(ORDO NEWS) — Chinese and American scientists have discovered in Burmese amber a male empidoid fly (Empidoidea) with a marriage gift in the form of salivary gland secretions.
This is the first discovery of a marriage gift in the fossil record. In addition, the discovery made it possible to clarify the details of the evolution of this phenomenon among empidoid flies. The study was published in the journal Gondwana Research.
Many animals give mating gifts to partners before mating. In hermaphrodites, both partners exchange them, and in dioecious animals, this is usually done by males, the only known exception is the female bug Phoreticovelia disparata.
At the same time, gifts can be both endogenous, that is, of their own production (for example, hemolymph or salivary gland secretions), and exogenous – prey or inedible objects.
Marriage gifts serve several functions. Edible gifts primarily provide females with the nutrients they need to produce offspring.
On the other hand, gifts can increase the attractiveness of males. In addition, among spiders and predatory insects, gifts save males from sexual cannibalism.
The most diverse marriage gifts in insects. Among them, flies from the pusher family (Empididae) stand out. They got their name due to the fact that males form clusters in the air before mating, in which they “hustle” in one place. Representatives of the subfamily Empidinae take a marriage gift with them.
As a gift, empidines usually use prey – other insects wrapped in endogenous silk threads or foam from the salivary glands.
Sometimes a gift can be without “gift wrapping” at all. And in some species, the shell may contain fragments of plants that pushers do not feed on, or even be empty.
Scientists assumed that such empty gifts appeared in evolution later than other varieties. However, this hypothesis was difficult to test, since marriage gifts have not yet been found in the fossil record – neither in pushers, nor in any other animals.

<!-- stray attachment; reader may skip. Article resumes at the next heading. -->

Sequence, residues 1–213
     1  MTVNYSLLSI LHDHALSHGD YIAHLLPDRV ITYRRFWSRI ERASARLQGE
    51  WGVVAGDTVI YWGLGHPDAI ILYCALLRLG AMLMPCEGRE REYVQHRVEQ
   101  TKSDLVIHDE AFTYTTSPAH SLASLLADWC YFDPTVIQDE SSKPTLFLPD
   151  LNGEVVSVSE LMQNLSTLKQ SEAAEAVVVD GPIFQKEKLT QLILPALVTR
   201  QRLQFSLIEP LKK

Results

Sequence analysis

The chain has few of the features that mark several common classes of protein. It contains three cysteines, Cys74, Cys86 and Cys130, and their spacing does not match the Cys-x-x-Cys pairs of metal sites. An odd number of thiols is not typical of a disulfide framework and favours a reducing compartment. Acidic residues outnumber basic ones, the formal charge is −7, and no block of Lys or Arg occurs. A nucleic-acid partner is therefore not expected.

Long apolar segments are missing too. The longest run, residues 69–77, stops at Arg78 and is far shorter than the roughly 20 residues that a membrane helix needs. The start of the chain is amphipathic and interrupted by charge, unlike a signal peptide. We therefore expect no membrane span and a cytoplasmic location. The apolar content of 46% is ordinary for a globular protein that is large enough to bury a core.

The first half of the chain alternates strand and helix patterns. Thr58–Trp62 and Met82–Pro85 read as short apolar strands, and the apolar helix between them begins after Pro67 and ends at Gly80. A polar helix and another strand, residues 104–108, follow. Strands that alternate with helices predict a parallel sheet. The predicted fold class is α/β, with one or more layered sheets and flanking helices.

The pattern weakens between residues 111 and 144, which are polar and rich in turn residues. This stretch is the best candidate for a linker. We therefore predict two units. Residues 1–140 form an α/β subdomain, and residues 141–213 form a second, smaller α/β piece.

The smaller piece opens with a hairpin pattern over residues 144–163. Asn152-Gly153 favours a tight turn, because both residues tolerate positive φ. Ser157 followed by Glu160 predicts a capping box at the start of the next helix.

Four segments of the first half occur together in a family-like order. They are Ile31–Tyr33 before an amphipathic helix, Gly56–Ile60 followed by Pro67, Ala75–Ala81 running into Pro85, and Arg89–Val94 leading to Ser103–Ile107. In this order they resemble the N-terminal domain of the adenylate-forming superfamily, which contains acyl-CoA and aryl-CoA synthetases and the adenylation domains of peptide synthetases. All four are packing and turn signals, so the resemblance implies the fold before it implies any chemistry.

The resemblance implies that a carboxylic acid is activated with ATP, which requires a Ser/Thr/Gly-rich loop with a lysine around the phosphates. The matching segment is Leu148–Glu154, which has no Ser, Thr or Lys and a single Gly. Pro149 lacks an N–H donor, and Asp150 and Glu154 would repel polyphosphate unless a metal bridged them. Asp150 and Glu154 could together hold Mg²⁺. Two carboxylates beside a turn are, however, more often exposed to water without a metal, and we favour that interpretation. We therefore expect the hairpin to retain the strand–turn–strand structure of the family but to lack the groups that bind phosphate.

Chufei Tang of the Jiangsu Academy of Agricultural Sciences and colleagues from China and the United States corrected this situation.
In a 99-million-year-old piece of Burmese amber, scientists discovered a male fly from the family of non-pretty flies (Atelestidae), which belongs to the same superfamily of empidoid flies (Empidoidea) as pushers.
The insect itself belonged to the already known extinct species Alavesia lanceolata. Between the limbs of the insect, the researchers found an empty foamy gift shell.
Up to this point, marriage gifts had only been observed in a rather young group of Empidinae, so it was believed that this phenomenon in empidoid flies arose in the Paleogene. However, the found fossil indicates that this behavior appeared already in the Mesozoic.
In addition, this discovery suggests that empty gifts first appeared, which nevertheless served as nutritious food for females. And then, in the process of evolution, males began to switch to the use of external resources and include prey as a gift, and some species began to give it without an endogenous shell at all.
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